I can tell everyone a quick and easy answer to stopping cold calls and emails from salespeople constantly bothering you. Well actually maybe I can’t but I can at least share your pain and make you feel better about it…
Let me guess, in fact, I don’t even have to guess – I know from bitter experience. As an IT manager, you’ve had someone call you at least once this week asking whether you deal with the company mobile phones and trying to get your contract date renewal out of you, you’ve had someone call and ask you about toner cartridges, someone else talking about disaster recovery planning and someone asking you some abstract question like what your storage strategy is.
Don’t get me started about spurious surveys too! They extract all the information from you and fire back to dozens of sales companies and you end up increasing your own call volume exponentially.
This all going on when there’s a queue at your door because the desktop or server fleet you’ve been telling everyone has been end of life for three years has finally reached its eight anniversary and decided to stop working altogether.
You’re trying to be polite but monosyllabic to the salesperson, hoping they’ll take the hint with your grunts, you’re even holding the phone away from your ear or on speaker phone hoping the echo will give them a hint too. They’re not taking the hints and they’re still talking, not engaging you and just wasting their time and yours.
Also this week, you’ve had someone emailing you, claiming that the receptionist said it was okay to email you – but being vague as to where they’ve got your email address from. Even though you’re absolutely sure that your own staff have been told several times that they’re not under any circumstances to give your name or even your email address out under pain of death or revocation of lunchtime internet access. (My personal favourite is blocking online fashion websites for receptionists who step out of line.)
You know, they know, everyone knows that they acquired your name, email address and other details. It was from their mate Jeff who took a customer list from a company that you do deal with and it’s gone round the houses and now someone called Bob and his mother has a copy to spam you with.
What we do
I am not going to say that Unleashed is different on this one, in today’s economic conditions everyone is just trying to get to their next business opportunity in order to keep their business growing. The way we do sales is not all that dissimilar to other companies, we’re perhaps more long term relationship focussed than most, but the business analyst in me would have to say the sales process is pretty much for all IT companies.
How we do differ is what we talk about. My experiences being an IT manager have certainly influenced what I want us to talk about – we go out of our way to find new products that are more cost effective, more innovative and solve problems that were previously unsolvable. I’d hope our sales team is more educational, than pushy. We have a host of products from new vendors such as Scale Computing, Nutanix and Simplivity as well as established firms such as Hitachi, Cisco and Microsoft. We pride ourselves on looking out for different technologies that solve a certain problem. If you’re struggling to virtualise under budget for example, then we probably have something that can do it.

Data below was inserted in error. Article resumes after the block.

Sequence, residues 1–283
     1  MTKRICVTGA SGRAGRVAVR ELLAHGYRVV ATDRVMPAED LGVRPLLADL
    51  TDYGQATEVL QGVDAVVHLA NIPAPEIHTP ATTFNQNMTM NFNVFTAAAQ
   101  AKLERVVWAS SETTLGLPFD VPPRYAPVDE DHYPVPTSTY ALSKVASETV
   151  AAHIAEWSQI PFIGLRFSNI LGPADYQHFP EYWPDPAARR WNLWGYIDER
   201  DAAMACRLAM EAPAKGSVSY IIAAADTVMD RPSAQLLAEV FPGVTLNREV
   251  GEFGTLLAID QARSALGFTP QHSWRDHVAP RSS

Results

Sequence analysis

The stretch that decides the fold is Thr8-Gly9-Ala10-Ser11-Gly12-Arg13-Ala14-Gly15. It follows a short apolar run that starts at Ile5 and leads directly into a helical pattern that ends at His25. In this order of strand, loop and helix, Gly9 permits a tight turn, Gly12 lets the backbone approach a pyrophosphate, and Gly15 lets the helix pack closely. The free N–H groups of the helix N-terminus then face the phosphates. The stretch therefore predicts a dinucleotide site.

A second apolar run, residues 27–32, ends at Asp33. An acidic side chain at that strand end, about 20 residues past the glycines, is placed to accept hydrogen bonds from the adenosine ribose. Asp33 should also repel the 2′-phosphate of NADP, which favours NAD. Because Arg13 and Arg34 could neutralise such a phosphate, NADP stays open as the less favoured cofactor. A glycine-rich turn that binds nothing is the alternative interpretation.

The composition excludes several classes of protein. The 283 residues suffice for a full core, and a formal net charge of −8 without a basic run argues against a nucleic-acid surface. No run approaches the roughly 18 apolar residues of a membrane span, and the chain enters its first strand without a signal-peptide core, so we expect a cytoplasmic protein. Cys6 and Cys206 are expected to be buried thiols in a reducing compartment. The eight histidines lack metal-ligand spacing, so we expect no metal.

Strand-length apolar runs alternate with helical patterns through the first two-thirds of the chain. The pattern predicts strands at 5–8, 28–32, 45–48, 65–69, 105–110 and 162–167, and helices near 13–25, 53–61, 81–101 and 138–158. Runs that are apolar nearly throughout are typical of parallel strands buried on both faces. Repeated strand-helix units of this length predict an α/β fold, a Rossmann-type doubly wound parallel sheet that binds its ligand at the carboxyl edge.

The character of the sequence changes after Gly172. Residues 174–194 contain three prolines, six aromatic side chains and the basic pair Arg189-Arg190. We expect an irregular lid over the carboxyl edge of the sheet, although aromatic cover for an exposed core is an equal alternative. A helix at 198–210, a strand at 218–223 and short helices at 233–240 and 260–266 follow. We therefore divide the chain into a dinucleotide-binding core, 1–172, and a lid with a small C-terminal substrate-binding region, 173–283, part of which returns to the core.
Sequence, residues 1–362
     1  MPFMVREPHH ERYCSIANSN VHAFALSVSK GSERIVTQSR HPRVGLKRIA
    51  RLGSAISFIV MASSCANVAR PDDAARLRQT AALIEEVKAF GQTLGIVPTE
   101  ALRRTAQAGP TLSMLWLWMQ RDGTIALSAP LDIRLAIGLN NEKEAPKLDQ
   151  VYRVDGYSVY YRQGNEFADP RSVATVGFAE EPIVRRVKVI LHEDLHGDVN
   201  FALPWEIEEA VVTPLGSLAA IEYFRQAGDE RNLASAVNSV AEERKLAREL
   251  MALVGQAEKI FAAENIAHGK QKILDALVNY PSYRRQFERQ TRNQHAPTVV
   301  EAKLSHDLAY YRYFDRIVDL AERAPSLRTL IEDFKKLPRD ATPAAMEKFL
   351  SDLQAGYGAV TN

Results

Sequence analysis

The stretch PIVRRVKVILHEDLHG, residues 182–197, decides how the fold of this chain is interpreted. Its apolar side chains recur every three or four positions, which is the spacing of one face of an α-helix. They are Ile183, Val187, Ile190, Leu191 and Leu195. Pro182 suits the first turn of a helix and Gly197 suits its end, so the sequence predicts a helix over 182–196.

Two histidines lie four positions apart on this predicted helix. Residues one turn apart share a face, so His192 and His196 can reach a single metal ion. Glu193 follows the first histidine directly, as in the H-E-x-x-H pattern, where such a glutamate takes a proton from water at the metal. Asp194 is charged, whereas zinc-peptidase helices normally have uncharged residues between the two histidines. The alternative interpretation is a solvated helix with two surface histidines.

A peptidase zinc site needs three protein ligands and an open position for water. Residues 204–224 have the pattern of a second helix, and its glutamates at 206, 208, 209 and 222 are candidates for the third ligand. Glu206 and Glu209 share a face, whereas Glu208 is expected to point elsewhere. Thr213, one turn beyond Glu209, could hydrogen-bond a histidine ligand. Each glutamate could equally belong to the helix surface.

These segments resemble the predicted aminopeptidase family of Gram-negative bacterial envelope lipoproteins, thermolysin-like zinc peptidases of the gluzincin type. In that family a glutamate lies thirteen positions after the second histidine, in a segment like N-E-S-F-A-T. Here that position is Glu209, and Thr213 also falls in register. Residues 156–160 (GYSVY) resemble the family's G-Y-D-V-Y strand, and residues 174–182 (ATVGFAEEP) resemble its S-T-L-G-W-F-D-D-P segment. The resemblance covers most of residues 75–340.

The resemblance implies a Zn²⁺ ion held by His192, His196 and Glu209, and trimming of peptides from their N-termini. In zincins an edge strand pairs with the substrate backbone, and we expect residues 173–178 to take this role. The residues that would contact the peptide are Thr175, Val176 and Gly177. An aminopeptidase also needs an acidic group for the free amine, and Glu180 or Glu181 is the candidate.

We’re experimenting with various ways of getting that message across, but until we have a major eureka moment, I’m afraid traditional sales is here to say. The best we can do is not be pushy and try and inform you of what we do with the genuine enthusiasm we have for it.
My advancing years are perhaps bestowing either madness or wisdom upon me – believe it or not even as an IT company we still get people selling to us! My tactic has really changed, after all I can’t sell absolutely everything, and I have to evaluate each product as to where it sits with what we do. My tactic is to let the salesperson do their ‘elevator pitch’ if they can’t explain what they do or sell in five minutes then they’ve lost me. If they have something of interest then, I’ll still go off and do my research – like any good IT manager would. If I find they’ve told no lies, not misrepresented themselves then I will speak to them again – but on my own terms. After all – if I blocked all sales calls, as annoying as they can be, I may miss something that may be better than sliced bread!
So a few readers may be a bit dissapointed right now, thinking ‘I thought he was going to tell us how to stop the calls,’ unfortunately I can’t – the only thing I can do is open up the idea that you can change the way you feel about them. Some genuinely will be educational – stuff you didn’t know that you can learn from. Others will be your trashy mobile phone companies and surveys. I’m not saying take all calls, but not all the callers are the same.
If you’ve stumbled onto this article from one of our website through one of our marketing campaigns, I guess my sure fire way of stopping our cold calls and emails is to speak to us – at least then they won’t be cold anymore! :-) As I’ve said on several blog entries, we’re just looking to educate people about what we’re doing, there’s no tactics or pressure, we want a relationship where our clients make the tea and we bring the biscuits. Even if you have no budget, nothing going on and are at the deepest pit of despair with your infrastructure, we’ll listen and do our best to help.